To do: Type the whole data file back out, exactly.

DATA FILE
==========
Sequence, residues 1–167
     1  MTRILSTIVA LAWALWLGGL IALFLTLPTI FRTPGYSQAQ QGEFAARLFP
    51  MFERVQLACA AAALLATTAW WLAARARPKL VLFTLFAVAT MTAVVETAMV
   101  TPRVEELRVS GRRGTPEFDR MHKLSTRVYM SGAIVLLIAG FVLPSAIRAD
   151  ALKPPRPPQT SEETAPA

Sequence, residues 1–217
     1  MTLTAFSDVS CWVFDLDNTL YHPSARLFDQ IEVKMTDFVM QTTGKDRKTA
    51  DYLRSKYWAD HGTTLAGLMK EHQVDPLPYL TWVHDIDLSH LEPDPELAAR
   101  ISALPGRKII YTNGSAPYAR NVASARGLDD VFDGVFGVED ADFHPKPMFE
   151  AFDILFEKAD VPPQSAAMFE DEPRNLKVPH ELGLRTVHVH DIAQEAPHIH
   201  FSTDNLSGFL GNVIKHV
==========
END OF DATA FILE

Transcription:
Sequence, residues 1–167
     1  MTRILSTIVA LAWALWLGGL IALFLTLPTI FRTPGYSQAQ QGEFAARLFP
    51  MFERVQLACA AAALLATTAW WLAARARPKL VLFTLFAVAT MTAVVETAMV
   101  TPRVEELRVS GRRGTPEFDR MHKLSTRVYM SGAIVLLIAG FVLPSAIRAD
   151  ALKPPRPPQT SEETAPA

Sequence, residues 1–217
     1  MTLTAFSDVS CWVFDLDNTL YHPSARLFDQ IEVKMTDFVM QTTGKDRKTA
    51  DYLRSKYWAD HGTTLAGLMK EHQVDPLPYL TWVHDIDLSH LEPDPELAAR
   101  ISALPGRKII YTNGSAPYAR NVASARGLDD VFDGVFGVED ADFHPKPMFE
   151  AFDILFEKAD VPPQSAAMFE DEPRNLKVPH ELGLRTVHVH DIAQEAPHIH
   201  FSTDNLSGFL GNVIKHV